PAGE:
Monday, July 23, 2012

The violence and the whores

Bombings slam Iraq today.  Alsumaria notes the dead includes police officers and Sahwa members ("Awakenings" and "Sons/Daughters of Iraq") and that Baghdad, Nineveh Province, Diwaniyah Province, Kirkuk, Wasit Province, Diyala Province and Salahuddin Province were all targeted with bombs.  Ala A. Nabhan and Sam Dagher (Wall St. Journal) add, "Several parked car bombs were detonated in markets packed with Ramadan shoppers in predominantly Shiite areas such as Baghdad's congested Sadr City district, the town of Taji northwest of the capital and the city of Diwaniya to the south, killing and wounding dozens, according to a Ministry of Interior official." Mark Leon Goldberg (UN Dispatch) notes over 100 dead.

And, as Kevin Lipstak (CNN) observes, Barack Obama's re-election campaign has issued a video today (less than 30 minutes ago it was posted to YouTube) which "touted the candidate's achievement of ending U.S. involvement in Iraq." The embarrassing video stars an ugly whore:  Tom Appelbaum.

And if calling whores "whores" hurts someone's feelings let's be really clear that you can't start drumming up publicity for an event at the start of the year by proclaiming it non-political and then turn around seven months later and use the event to whore for a political campaign.  You've disgraced the event with your whoring.  Hopefully Craig Schneider -- who was credited by the press with doing at least half the work on the St. Louis parade -- won't join in the whoring.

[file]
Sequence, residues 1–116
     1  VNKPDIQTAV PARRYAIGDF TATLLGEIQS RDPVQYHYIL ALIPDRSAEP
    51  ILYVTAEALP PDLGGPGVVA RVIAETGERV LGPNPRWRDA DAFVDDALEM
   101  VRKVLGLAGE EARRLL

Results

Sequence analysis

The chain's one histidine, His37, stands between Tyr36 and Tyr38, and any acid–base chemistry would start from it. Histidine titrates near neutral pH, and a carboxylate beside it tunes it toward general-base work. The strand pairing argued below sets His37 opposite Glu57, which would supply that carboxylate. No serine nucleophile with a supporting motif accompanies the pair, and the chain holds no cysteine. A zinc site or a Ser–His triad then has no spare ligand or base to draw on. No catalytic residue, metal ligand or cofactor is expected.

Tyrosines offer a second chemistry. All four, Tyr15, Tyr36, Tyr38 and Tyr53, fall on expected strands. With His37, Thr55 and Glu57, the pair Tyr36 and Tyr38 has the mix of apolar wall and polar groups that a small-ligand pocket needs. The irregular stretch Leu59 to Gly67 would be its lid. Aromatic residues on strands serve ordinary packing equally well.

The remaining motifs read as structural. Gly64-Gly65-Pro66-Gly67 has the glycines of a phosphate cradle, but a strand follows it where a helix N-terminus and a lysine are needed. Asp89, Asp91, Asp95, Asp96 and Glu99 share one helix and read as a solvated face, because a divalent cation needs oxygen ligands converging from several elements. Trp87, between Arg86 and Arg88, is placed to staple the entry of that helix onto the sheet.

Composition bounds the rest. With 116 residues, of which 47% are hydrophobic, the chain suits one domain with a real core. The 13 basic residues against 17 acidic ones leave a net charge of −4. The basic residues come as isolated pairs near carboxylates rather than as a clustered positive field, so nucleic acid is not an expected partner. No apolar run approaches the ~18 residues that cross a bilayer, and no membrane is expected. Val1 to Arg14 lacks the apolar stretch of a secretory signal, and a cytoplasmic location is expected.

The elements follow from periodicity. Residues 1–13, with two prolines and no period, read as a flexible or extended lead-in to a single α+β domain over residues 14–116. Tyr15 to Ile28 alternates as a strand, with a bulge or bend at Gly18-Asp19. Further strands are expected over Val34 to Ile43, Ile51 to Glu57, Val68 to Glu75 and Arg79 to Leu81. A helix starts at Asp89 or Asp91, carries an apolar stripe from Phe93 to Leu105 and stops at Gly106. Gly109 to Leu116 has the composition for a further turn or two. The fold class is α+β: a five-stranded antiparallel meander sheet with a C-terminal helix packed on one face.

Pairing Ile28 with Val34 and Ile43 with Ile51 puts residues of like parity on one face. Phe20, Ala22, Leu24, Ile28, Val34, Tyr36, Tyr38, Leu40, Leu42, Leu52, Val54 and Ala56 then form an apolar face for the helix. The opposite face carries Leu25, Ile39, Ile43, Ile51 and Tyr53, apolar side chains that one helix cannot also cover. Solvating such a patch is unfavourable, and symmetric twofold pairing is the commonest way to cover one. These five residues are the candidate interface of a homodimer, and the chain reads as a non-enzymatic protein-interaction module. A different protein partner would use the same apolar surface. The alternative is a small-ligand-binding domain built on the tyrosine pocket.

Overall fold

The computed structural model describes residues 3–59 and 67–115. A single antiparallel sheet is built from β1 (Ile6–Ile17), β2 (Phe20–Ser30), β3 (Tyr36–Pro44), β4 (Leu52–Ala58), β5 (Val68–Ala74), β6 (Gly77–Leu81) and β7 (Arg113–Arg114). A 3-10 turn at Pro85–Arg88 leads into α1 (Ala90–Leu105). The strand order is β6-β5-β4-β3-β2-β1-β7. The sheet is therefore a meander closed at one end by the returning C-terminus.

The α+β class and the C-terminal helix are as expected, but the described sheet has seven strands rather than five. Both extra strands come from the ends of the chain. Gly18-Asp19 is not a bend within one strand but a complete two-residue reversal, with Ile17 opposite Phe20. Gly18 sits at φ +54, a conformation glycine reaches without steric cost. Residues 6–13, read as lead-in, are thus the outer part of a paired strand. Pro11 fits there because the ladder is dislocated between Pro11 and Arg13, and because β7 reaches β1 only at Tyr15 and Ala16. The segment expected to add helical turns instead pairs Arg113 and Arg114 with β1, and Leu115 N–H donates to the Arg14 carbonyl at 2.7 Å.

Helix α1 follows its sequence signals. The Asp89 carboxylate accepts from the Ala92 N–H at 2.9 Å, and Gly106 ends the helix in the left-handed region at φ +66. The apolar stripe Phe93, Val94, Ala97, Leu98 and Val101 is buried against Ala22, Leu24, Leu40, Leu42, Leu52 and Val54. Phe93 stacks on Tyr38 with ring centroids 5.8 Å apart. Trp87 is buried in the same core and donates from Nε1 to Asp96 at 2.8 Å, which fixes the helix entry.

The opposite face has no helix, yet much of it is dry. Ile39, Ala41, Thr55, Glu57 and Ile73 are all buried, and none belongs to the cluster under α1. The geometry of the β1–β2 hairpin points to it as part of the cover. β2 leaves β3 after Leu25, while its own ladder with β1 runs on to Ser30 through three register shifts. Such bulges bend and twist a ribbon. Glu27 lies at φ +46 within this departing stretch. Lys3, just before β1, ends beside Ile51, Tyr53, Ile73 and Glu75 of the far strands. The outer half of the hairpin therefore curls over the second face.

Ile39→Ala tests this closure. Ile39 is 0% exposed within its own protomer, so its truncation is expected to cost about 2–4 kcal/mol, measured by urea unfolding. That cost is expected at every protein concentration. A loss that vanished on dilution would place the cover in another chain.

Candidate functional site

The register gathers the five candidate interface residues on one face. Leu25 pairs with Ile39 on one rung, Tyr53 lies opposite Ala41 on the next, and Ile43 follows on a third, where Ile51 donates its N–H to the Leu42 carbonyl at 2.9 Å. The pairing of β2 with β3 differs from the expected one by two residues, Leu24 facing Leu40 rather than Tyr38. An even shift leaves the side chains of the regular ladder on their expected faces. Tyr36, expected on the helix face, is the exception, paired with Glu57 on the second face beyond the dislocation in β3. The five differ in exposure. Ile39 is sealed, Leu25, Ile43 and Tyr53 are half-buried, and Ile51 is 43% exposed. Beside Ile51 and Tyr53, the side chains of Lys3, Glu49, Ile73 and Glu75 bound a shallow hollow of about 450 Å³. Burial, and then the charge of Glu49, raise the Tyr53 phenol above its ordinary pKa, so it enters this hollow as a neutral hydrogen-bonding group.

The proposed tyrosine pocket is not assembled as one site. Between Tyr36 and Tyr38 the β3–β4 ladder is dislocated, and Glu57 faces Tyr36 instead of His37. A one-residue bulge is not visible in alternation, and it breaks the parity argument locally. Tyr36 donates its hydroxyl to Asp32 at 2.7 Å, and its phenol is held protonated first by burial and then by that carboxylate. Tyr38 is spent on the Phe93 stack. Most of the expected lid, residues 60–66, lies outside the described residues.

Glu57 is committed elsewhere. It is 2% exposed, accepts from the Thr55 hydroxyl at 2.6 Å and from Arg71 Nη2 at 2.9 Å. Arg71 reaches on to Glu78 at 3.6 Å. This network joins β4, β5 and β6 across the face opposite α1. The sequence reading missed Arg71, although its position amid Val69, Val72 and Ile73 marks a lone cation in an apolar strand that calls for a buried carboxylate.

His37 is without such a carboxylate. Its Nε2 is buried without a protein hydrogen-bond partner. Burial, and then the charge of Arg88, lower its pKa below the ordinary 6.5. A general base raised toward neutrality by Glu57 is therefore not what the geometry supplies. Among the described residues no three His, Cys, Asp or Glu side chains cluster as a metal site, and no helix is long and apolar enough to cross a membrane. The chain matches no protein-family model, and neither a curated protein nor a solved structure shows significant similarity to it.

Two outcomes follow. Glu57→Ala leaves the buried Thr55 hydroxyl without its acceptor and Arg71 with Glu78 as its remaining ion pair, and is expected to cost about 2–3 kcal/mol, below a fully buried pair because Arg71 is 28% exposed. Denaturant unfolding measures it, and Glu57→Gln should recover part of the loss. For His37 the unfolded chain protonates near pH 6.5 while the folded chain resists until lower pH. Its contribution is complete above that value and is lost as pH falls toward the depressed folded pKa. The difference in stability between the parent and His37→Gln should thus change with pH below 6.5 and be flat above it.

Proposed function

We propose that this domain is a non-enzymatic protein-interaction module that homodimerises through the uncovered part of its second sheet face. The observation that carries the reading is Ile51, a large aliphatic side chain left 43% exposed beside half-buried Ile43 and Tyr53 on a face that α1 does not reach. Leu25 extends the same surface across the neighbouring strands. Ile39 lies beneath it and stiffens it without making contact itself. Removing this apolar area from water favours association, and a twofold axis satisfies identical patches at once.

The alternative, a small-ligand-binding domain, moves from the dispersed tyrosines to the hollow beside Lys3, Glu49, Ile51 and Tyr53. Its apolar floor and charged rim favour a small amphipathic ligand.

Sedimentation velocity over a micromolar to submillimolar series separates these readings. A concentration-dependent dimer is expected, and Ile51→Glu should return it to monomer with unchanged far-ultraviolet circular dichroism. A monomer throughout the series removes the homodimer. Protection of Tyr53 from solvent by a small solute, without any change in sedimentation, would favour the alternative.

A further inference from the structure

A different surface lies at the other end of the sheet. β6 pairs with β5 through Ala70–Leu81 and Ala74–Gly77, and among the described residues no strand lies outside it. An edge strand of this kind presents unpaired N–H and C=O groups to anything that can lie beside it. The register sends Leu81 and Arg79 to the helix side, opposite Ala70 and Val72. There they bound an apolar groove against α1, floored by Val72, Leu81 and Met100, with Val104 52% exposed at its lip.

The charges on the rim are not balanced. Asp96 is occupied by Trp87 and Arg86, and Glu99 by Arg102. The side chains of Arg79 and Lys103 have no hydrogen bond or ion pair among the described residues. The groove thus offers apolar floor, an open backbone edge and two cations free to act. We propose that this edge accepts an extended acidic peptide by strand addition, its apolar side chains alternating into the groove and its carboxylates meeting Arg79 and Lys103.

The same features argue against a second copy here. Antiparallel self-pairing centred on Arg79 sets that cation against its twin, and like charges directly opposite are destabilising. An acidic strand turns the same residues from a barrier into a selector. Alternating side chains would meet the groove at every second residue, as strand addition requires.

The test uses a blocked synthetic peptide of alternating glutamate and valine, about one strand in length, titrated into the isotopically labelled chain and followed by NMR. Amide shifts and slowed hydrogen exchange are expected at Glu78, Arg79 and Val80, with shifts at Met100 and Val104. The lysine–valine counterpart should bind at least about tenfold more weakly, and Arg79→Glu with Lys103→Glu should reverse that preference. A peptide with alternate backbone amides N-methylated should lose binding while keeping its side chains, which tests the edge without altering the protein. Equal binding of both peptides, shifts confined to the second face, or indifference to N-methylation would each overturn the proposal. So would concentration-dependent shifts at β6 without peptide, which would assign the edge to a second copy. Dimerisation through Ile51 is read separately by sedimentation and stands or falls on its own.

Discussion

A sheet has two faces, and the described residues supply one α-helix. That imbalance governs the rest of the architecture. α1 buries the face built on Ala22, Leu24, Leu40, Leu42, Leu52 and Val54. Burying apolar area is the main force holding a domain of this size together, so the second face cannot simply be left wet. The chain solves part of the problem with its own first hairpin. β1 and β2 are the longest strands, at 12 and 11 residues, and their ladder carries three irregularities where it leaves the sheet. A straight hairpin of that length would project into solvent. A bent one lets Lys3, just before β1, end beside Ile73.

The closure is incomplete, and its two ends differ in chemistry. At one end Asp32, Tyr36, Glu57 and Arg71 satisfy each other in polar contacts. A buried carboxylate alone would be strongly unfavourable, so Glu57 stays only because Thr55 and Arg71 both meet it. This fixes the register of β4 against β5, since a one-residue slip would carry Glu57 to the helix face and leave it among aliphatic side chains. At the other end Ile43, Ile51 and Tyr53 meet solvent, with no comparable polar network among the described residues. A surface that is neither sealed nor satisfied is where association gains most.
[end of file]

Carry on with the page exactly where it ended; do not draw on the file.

The parade needed $25,000 to be staged (it was) and those who were asked to contribute were repeatedly told this wasn't a political event, this wasn't about Democrat or Republican but look now  Appelbaum want to use veterans and use the parade to whore for Barack Obama.  And look, Tommy Appelbaum got a hair cut, finally cut off that ridiculous Florence Henderson/Carol Brady four inch growth in the back.  Nope, he's just  pinned up.  Don't you love a man who pins up his hair?  (Me neither.)

I'm confused by the  whoring for so many reasons -- and wouldn't be surprised if donors started asking for their money back because I know a lot of people were very clear to Appelbaum that they were giving money for the veterans, not for a political event -- including that Barack Obama didn't do a damn thing for the parade.  Neither he personally nor the federal government gave a dime and, of course, he didn't show.